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Protocol

One of the unique aspects of the upper school education at Westminster is the Protocol Course. Through training in the principles of etiquette and others-centered thinking, we strive to cultivate wisdom and virtue in our students. At various points throughout the year, each grade in the Upper School learns a particular set of skills and principles in a series of etiquette lessons. Topics include making introductions, meal etiquette, conversational skills, concert etiquette, and formal event etiquette. At the conclusion of the lessons, each grade will have the opportunity to demonstrate what they have learned at a special event.

Why do we teach this course?

We believe that everyone is made in God’s image as is stated in Genesis 1, and is therefore worthy of respect. It is our hope that this training, in addition to the principles that parents are faithfully instilling in their children at home, will further equip the students to love and honor their neighbors and fellow image-bearers.

What do students think about it?

"As an alumni, my protocol experience is definitely one of my most treasured memories. I never felt like I missed anything from the ‘Prom’ experience, and I loved the chance to be beautiful, graceful, and ladylike. I also love that I still know how to waltz!" 
-Ellen Ellison, Alumna

7th Grade Protocol

Students will learn the skills of carriage, deportment, and spatial awareness in a variety of contexts, as well as the etiquette necessary to make introductions and be introduced to others.  Students will also learn museum etiquette, email etiquette and how to write a thank you note. 

Embodied virtues: Discernment, honor, respect, courage

Course topics: 

  • Good posture and body language
  • Deportment and special awareness in the classroom and in the hallway
  • Making introductions, including language and the principles of seniority, rank and gender
  • Email etiquette (sending an email to a teacher)
  • Etiquette to those around us who serve us 
  • Appropriate behavior/etiquette one should use when visiting a museum
  • How to write a thank you note

How it’s learned: Cornerstone class 3 days a week
Special Event: Field Trip to a local museum/Writing a thank you note to the docent after the event

8th Grade Protocol

Students focus on performance etiquette during the 8th grade protocol course.  We begin the course reviewing the skills learned during 7th grade protocol.
Embodied Virtues: Discernment, respect, gratitude
Course Topics:

  • Difference between manners, etiquette and protocol
  • How do we show respect in our culture? 
  • What does the way in which we carry ourselves communicate to others?
  • Making introductions and being introduced
  • Performance etiquette
  • Audience etiquette
  • Performance attire
  • Expressing yourself after a performance
  • Outdoor performance etiquette
  • Types of performance
  • How to write a thank you note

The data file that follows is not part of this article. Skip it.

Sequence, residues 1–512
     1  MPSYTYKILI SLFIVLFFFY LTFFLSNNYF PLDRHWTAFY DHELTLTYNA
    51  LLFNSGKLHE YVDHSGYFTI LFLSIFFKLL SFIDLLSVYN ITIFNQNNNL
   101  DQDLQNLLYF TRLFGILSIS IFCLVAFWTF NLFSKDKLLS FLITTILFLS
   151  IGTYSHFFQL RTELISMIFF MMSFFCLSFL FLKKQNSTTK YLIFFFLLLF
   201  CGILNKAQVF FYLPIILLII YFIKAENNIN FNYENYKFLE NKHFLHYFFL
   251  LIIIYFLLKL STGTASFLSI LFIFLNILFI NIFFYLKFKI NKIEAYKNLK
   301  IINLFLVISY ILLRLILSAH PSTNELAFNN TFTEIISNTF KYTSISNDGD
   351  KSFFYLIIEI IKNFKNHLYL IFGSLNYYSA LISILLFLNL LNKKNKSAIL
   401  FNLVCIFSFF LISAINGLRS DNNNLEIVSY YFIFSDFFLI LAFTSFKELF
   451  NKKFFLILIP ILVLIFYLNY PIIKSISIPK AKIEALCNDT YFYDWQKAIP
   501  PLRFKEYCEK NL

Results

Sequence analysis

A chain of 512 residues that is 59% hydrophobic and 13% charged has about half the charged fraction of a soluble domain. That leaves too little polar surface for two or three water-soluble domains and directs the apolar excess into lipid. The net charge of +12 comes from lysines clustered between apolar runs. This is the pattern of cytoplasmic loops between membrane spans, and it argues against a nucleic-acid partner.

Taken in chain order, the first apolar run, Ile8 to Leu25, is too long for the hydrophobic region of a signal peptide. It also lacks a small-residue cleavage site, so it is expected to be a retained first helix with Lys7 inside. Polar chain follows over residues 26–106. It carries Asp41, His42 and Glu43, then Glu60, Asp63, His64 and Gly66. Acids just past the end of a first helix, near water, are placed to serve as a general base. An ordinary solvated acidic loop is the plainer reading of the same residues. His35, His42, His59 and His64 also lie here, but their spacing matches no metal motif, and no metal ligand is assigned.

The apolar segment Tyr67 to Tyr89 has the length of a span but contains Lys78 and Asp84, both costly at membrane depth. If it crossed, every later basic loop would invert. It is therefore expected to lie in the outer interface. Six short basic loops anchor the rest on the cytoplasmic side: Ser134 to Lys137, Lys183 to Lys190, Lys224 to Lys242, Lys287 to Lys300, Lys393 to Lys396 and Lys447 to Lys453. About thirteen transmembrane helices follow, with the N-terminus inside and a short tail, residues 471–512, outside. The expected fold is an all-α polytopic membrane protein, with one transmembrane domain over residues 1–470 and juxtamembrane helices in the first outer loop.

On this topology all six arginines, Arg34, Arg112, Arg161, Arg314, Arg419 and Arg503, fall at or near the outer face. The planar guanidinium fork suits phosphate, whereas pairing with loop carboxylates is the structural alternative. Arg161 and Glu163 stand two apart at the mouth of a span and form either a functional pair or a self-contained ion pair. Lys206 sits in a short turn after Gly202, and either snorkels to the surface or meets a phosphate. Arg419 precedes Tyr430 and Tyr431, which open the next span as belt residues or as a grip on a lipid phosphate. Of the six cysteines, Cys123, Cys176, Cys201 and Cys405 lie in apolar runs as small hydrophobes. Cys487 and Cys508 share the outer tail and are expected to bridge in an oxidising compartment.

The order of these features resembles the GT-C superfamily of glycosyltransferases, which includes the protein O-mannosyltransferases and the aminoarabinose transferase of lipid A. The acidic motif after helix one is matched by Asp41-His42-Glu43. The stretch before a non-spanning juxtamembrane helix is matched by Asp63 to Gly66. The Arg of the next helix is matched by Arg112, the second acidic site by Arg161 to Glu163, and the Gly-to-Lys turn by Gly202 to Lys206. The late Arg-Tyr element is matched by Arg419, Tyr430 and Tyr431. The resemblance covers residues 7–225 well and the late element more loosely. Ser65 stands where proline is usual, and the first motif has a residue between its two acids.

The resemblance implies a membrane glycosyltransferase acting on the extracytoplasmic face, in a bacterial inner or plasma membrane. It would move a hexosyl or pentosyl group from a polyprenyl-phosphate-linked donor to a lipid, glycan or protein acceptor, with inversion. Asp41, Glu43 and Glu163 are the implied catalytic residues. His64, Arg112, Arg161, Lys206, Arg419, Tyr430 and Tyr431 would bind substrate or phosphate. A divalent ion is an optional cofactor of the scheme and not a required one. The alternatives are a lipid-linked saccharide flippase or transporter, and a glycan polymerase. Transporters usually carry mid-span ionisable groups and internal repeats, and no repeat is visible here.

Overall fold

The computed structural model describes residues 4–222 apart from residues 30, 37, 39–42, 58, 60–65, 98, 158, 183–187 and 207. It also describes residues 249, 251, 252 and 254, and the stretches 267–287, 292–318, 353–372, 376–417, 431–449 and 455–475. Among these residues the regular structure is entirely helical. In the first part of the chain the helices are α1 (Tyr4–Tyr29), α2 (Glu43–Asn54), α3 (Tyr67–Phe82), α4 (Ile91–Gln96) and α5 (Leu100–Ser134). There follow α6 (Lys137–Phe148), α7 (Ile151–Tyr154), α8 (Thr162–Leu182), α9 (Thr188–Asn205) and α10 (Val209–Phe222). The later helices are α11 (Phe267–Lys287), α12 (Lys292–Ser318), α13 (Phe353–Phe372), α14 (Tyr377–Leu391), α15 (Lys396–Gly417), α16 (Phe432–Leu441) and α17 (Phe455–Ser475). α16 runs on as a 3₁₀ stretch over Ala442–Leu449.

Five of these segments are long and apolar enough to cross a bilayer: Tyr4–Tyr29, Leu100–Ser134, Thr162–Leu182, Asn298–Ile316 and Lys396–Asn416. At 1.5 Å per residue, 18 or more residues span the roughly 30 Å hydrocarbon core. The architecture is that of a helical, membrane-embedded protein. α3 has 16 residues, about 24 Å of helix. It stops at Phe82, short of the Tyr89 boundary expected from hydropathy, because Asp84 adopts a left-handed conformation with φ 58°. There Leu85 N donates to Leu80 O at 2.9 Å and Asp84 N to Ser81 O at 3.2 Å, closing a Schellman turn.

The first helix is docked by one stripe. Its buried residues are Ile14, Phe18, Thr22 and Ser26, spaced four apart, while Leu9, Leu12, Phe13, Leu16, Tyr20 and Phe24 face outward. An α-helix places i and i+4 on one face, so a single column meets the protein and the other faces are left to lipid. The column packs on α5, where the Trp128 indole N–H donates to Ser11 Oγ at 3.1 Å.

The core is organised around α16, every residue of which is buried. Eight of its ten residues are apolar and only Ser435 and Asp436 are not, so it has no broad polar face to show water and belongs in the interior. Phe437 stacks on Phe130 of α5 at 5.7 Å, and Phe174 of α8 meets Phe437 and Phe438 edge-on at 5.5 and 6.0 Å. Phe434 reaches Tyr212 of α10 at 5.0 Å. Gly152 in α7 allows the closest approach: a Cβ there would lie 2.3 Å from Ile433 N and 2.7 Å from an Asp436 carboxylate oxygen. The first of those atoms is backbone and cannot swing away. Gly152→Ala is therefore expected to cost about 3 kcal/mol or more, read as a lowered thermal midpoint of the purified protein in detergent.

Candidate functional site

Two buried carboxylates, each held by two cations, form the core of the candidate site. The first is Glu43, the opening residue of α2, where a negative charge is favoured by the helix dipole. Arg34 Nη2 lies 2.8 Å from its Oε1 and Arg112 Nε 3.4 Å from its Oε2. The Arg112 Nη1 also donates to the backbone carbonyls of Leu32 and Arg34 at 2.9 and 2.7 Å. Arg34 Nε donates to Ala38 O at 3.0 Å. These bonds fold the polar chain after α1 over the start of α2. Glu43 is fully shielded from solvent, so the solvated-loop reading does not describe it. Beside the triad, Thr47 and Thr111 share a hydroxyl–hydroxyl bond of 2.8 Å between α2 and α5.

How it’s learned: Four 45 minute classes during activity period
Special Event: Reception with the board members then a field trip to see a performance at the Orpheum

9th Grade Protocol

Building upon the skills of basic table etiquette learned the previous year, students will learn formal dinner and restaurant etiquette in the context of a group, as well as the skills of making conversation and toasts in this setting.  In addition, students will learn the principles of technology etiquette, specifically pertaining to cell phones and cameras.
Embodied virtues: Discernment, orderliness, others-centeredness, honor, stewardship
Course Topics:

  • Why manners are important
  • The dinner table as a communal place     
  • Restaurant etiquette – including seating, interacting with restaurant staff, notifying the server of a problem, and tipping
  • Making polite conversation, asking thoughtful questions, and topics to avoid at the table
  • How to make a toast
  • How to respond to an invitation
  • Cell phone and camera etiquette
  • Details of how to set a table whether it be a formal or casual place setting and correct use of specific utensils
  • How to write a thank you note

How it’s learned: Five 45 minute classes during activity period
Special Event: A formal dinner party at The Tower Room

10th – 12th  Grade Protocol

10th – 12th grade protocol is a culmination of the students’ previous protocol classes where they have learned the foundations of etiquette.  Students dive into more formal lessons by learning classic ballroom and group dance steps, responding to an invitation, navigating a receiving line, and filling out dance cards. We want them to understand how all the skills they’ve learned apply to their social lives in the present, as well as in the future, preparing them for college and job interviews, and formal events.
Embodied virtues: An appreciation for those things that are good, true, and beautiful
Course Topics:

  • Dinner table conversation
  • Making polite conversation, asking thoughtful questions, and topics to avoid at the table
  • How to make a toast
  • Responding to different types of invitations
  • Interview techniques
  • Navigating a receiving line
  • Ballroom and group dance steps
  • How to fill out a dance card
  • Correct use of specific utensils at a formal dinner
  • Details of escorting a date to a social function
  • How to write a thank you note

How it’s learned: Eleven ballroom/group dance lessons, two etiquette classes and two lessons used to introduce the class, give details about the event and write thank you notes
Special Event: A formal Protocol Ball at The Memphis Country Club